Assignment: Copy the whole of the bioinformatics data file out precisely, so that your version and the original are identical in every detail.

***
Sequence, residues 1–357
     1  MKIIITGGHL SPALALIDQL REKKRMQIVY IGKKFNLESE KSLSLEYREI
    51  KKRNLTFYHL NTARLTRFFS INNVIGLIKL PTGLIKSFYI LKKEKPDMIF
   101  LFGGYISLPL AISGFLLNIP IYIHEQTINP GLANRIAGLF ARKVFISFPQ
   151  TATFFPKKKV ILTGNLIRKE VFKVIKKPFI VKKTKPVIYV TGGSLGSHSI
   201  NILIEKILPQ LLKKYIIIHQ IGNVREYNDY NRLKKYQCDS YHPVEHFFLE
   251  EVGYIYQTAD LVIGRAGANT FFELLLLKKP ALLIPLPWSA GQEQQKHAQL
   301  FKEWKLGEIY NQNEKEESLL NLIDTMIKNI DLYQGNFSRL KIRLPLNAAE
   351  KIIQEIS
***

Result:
Sequence, residues 1–357
     1  MKIIITGGHL SPALALIDQL REKKRMQIVY IGKKFNLESE KSLSLEYREI
    51  KKRNLTFYHL NTARLTRFFS INNVIGLIKL PTGLIKSFYI LKKEKPDMIF
   101  LFGGYISLPL AISGFLLNIP IYIHEQTINP GLANRIAGLF ARKVFISFPQ
   151  TATFFPKKKV ILTGNLIRKE VFKVIKKPFI VKKTKPVIYV TGGSLGSHSI
   201  NILIEKILPQ LLKKYIIIHQ IGNVREYNDY NRLKKYQCDS YHPVEHFFLE
   251  EVGYIYQTAD LVIGRAGANT FFELLLLKKP ALLIPLPWSA GQEQQKHAQL
   301  FKEWKLGEIY NQNEKEESLL NLIDTMIKNI DLYQGNFSRL KIRLPLNAAE
   351  KIIQEIS